I hope this never happens to you, but if you ever receive a legal discovery request, you may find this post useful. One of my IT friends shared this story of when he had to do an exchange discovery for a set of keyword combinations on historical email communications that he thought might have happened 2 years ago. This kind of discovery would be a real challenge for a lot of IT organizations.
Houston, we have a problem!
Since the company was using Exchange 2010, my IT pal googled for some advice and found an article on TechEd. The article advised him to use a Multi-Mailbox Search.
However, you usually don’t have an Exchange server with a 1-to-2-year-old database readily available. A small company with 50 employees can create up to several hundred emails per working day. Once the emails have been sent, they’re saved on servers and, later, they’re permanently deleted from your Exchange (moved to disks, tapes or the cloud for long-term archival).
This means you need to roll up your sleeves and first find the old backup. Then, you either need to build a whole environment for your new-old Exchange server (isolated from your production), or use an e-discovery tool to search for emails within the Exchange database. By the way, some of those e-discovery tools are not cheap; get ready to part with good money, per mailbox.
Get a FREE tool
To make a long story short, my IT guy successfully took care of this inquiry by using an e-discovery tool called Veeam Explorer for Microsoft Exchange, which can search the Exchange .EDB file and is completely FREE ($0 USD).
Here is how it works (super easy!):
1. Download and install
Veeam Explorer for Microsoft Exchange (VEX) is free and available as a stand-alone utility in all Veeam Backup & Replication editions, including Veeam Backup Free Edition. So, your first step is to download Veeam Backup Free Edition and the rest is really simple. Here is the download URL:
You can install VEX on either a physical or virtual machine, it doesn’t matter. The installation process is straightforward and looks like “Next, Next, Next, Done.” When the prompt during the installation asks you for a license, you can just continue the process without a license.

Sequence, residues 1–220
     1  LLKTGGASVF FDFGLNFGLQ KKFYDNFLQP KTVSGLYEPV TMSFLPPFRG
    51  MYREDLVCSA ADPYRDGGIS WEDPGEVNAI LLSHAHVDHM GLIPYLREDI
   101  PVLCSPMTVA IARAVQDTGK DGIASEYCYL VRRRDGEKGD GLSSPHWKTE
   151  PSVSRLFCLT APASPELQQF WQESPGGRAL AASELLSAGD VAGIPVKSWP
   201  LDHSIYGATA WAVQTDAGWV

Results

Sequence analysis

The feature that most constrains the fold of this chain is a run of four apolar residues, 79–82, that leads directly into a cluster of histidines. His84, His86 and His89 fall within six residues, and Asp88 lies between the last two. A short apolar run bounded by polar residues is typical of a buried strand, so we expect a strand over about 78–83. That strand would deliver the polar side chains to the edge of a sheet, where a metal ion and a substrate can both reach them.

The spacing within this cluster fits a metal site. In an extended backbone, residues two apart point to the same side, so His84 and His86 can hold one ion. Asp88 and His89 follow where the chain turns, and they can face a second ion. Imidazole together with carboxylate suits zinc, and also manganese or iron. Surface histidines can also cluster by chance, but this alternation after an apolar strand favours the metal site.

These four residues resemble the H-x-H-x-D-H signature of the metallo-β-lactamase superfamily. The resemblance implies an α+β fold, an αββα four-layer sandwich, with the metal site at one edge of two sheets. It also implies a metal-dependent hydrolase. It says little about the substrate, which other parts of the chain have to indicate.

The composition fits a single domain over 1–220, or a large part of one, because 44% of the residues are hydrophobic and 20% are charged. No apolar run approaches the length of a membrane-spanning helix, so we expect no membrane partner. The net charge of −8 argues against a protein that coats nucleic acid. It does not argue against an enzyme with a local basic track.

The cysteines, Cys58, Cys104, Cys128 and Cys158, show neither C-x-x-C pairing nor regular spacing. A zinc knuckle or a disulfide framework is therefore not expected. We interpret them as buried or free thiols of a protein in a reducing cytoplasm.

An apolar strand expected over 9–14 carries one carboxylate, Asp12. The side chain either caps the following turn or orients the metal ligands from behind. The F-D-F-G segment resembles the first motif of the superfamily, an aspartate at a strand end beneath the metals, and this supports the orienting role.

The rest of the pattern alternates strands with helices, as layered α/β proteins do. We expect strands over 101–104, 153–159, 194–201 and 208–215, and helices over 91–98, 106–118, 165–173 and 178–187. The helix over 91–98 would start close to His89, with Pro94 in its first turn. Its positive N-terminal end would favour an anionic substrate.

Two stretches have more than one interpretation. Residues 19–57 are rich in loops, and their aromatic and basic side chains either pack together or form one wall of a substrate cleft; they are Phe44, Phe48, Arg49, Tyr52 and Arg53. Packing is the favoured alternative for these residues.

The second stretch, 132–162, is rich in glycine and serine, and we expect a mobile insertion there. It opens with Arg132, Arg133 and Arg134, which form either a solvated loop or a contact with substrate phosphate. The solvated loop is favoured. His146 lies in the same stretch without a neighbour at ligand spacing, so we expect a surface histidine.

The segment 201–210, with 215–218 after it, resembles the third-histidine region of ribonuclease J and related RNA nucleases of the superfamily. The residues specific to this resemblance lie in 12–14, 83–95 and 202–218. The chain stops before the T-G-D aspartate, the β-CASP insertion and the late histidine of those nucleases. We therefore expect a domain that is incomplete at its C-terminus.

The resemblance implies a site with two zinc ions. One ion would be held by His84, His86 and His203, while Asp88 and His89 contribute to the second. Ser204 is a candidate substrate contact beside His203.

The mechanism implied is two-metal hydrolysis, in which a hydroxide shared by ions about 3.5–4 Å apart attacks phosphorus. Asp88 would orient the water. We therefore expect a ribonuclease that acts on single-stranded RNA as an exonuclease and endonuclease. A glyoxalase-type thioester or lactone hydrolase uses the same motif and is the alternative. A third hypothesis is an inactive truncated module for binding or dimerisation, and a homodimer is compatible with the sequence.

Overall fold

Pic. 1. Veeam Explorer for Microsoft Exchange is available as an additional component of Veeam Backup Free Edition after its installation.
2. Extract the EDB file from the backup and open it with VEX
Important: When you extract the .EDB file from your backup, don’t forget to put ESE.DLL at the same location. This file is used to query the Microsoft Exchange database (.EDB) and it’s included in the Microsoft Exchange distribution. You’ll find it easily on the installation disk by searching for “ese.dll” and copying it to the Veeam server. And remember, you can always refer to the below help article for :
To open the .EDB file, you’ll need to point the location of ESE.DLL in the VEX options menu. After that’s done, you can add a mailbox store by pressing the Add Store button on the ribbon.
Pic. 2. Extract ESE.DLL and copy it to the Veeam server.
Pic. 3. Point Veeam Explorer for Microsoft Exchange to the database file.
- Open Veeam Backup Free Edition, go to the main menu, select Options and specify the path to the ESE.dll file.
- Point Veeam Explorer for Microsoft Exchange to the .EDB file (in the Veeam Backup browser double-click the .EDB file)
- After Veeam opens your .EDB database in Veeam Explorer for Microsoft Exchange, you can browse and search for the items you need.
You can now start your search with Advanced Find and search for emails with specific creation dates, text in to, CC, BCC and more.
Pic. 4. Advanced search in Microsoft Exchange database.
Because Veeam Explorer for Microsoft Exchange is an entirely free tool, it doesn’t require any licenses for e-discovery. Veeam Explorer for Microsoft Exchange uses standard APIs when working with the database. Supported versions include Microsoft Exchange 2010 and 2013.
People, companies and non-profits use Veeam Explorer for Microsoft Exchange in a lot of different use scenarios. For those wishing to know more, I’ve listed a couple of the scenarios below:
- Legal discovery: Some countries’ require that records about money, people and data specific to the company should be retained for 3 years. Others require 5, 10 or even 15 years. To be able to meet your countries’ mandatory court or compliance requirements, sysadmins should consider legal department requests to find messages or attached files for a selected user by specific search criteria as top priority requests.
- Internal investigations: In addition to the legal department, any manager in the company can ask sysadmins to find a message in the Exchange database for internal investigation.
Veeam Explorer for Microsoft Exchange fully supports Microsoft Exchange search and query syntax. For example, you can search within the selected Exchange mailbox:
John AND Green
These search criteria examples are similar to those used in Microsoft Outlook 2010. Read more here: How to narrow the search criteria for better searches in Outlook
All in all, it seems like some of the Veeam features can be easily used in non-virtualized environments, especially in cases of Exchange e-discovery. What about you? How do you use Veeam? Feel free to leave your comment below, reach me via email or follow Veeam on Twitter.